Another technique I use to identify future leaders to develop is announce a dumb idea…we are going to _________, thoughts? My future leaders will challenge that idea in the meeting or behind closed doors. Next meeting I share with the team…Scott challenged me on my idea to ______ and he was right, we will not do that. It reinforces the healthy culture that openly discusses things that matter with no fear. Second it encourages others on the team to challenge me when something that impacts their area does not make sense.
Here’s a challenge for your readers…have a meeting and suggest a bad idea, we are going to _______. If no one challenges you , you have a much bigger problem to solve.
This too will feel uncomfortable but I have used it many times and it helps your team feel safe discussing things that matter.More disturbing will be the political leaches who come to you and say what a smart idea it was because you said it. These team members add no value.
Thanks Mark. Wow! I love your suggestion. I’ll add that perhaps the dumb idea might turn out to be a smart idea, with some work from the team. 🙂
The thing I really enjoyed is the idea of complimenting someone in front of the team when they challenge you. Powerful.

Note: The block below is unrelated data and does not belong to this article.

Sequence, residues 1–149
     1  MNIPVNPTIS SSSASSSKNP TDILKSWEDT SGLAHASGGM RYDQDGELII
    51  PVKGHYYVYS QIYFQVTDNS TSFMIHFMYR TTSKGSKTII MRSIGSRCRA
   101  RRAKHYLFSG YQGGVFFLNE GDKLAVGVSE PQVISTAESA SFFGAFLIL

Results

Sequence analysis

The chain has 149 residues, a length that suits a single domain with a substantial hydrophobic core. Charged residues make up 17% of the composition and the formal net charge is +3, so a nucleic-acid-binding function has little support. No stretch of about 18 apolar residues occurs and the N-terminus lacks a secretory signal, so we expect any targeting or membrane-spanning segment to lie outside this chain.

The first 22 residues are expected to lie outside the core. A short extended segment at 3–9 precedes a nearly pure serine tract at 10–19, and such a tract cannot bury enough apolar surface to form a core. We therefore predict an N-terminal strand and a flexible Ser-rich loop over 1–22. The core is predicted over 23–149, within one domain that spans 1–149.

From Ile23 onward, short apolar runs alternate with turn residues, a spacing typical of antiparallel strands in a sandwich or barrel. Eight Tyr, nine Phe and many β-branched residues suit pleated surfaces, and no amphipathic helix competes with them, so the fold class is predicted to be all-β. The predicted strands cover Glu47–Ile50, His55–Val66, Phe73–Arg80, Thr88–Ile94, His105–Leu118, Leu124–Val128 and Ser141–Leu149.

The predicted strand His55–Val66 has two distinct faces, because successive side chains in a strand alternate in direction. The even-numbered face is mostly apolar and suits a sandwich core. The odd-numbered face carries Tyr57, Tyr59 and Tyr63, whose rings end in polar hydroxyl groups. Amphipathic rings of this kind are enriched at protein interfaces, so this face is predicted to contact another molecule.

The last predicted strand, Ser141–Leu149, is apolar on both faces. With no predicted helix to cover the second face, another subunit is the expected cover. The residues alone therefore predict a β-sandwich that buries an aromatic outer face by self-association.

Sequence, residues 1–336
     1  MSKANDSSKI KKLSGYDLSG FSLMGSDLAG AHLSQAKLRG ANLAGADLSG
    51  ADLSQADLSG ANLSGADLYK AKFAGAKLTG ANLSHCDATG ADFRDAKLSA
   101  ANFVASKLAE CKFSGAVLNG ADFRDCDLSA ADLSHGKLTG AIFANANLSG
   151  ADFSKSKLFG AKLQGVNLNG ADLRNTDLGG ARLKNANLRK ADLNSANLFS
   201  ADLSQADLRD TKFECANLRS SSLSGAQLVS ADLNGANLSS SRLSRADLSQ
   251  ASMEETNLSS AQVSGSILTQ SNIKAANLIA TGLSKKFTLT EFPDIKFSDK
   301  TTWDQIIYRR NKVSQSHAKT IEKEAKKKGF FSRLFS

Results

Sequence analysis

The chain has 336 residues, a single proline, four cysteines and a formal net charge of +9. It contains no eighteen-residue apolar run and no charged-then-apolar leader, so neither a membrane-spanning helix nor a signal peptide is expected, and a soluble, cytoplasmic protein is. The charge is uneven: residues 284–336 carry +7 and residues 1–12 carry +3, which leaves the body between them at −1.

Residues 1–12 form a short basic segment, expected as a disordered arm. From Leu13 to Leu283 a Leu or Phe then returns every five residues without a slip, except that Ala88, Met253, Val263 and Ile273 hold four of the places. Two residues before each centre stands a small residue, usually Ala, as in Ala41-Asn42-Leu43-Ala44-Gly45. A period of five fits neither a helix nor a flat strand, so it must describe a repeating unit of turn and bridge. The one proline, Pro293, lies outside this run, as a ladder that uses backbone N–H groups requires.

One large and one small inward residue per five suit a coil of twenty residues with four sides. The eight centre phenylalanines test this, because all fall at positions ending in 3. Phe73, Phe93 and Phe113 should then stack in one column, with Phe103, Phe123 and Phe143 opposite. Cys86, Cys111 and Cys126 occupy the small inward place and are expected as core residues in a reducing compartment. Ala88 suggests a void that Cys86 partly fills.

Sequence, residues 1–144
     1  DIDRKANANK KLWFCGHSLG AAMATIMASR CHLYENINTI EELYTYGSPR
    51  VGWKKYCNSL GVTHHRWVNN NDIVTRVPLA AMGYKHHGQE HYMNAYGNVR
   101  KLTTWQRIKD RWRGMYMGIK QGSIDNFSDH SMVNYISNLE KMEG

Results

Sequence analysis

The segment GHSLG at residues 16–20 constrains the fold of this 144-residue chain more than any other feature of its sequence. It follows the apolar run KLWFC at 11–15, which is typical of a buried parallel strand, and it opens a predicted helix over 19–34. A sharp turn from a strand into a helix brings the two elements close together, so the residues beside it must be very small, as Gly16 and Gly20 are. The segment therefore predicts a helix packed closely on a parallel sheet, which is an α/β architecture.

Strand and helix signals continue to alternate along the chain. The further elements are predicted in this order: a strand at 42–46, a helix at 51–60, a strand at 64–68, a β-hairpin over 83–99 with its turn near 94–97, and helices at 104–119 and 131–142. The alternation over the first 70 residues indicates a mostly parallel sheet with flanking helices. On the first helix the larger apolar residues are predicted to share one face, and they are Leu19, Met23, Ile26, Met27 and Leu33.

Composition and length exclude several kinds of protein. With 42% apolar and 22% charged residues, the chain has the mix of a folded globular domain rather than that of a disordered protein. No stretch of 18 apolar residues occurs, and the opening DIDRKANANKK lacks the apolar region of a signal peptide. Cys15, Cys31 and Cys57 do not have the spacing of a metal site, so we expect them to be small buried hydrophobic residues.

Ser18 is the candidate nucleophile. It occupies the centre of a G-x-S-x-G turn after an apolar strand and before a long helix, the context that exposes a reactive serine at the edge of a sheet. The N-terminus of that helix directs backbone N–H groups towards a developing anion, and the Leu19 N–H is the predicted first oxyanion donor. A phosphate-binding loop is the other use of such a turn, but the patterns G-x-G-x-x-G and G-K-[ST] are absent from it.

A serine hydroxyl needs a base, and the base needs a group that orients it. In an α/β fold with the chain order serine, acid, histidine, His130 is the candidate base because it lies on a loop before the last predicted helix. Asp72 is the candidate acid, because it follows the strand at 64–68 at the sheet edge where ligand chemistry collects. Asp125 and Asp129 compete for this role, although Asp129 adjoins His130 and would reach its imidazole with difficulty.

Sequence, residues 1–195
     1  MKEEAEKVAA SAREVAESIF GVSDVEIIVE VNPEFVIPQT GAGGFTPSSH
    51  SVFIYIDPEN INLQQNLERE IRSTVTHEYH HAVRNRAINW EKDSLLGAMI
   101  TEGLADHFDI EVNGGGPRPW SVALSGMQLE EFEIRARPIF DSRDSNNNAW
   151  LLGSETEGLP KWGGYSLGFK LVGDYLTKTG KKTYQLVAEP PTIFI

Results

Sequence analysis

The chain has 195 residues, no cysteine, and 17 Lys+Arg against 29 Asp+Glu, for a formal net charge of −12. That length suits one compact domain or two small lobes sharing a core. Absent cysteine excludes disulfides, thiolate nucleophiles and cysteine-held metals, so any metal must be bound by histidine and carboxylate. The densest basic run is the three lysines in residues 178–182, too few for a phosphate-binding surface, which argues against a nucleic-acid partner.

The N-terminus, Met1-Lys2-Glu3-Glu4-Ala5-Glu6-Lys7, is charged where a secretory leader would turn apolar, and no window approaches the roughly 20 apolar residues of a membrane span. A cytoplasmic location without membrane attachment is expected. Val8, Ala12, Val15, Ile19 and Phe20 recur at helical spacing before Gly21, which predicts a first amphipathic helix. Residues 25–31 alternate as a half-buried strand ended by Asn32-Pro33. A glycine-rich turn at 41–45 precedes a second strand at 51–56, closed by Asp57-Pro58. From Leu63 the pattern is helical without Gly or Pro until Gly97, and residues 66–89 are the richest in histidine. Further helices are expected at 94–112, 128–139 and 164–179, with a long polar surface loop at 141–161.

Practice authentically connecting with your team – pick someone and really take the time to get to know them – learn their story – where have they come from, what have they gone through, what is it that they have going on at home and in the community, what are they trying to achieve through their job / work — Now relate that to something in your life -create an “authentic connection”- this will give you an ability to truly empathize with them … try it with a few others … once you start to nail it you can inspire and motivate your team to a common goal —
Thanks Colin. Wonderful suggestion. This should take some leaders outside their comfort zone! 🙂
After reading your post (action) I engaged in some reflection about the effective leaders I have known, and could not think of a single one who did not have a bias toward taking action, especially in uncertain times. Often the “paralysis of analysis” trumps actions when there s no strong leader, and much opportunity is lost in the gap. Excellent approach in “What ineffective behavior would you like to stop?”. We have to give up bad habits to make room for better ones. Spot on, once again!
Thanks Jim. Your sentence…”We have to give up bad habits to make room for better ones,” really helps me. It’s amazingly difficult to give up on something that worked at one time but has outlived it’s usefulness. Maybe one way is to listen to the frustration, rather than ignoring it. Cheers
Love the message. Get out of your comfort zone! Sometimes when trying new things the results will be negative, but that’s not necessarily bad either. I learned some of my biggest lessons by making mistakes. You can’t make mistakes by staying comfortable. Visit http://www.bossinthemiddle.com where we are building a community of middle managers who have learned from their mistakes and are willing to share.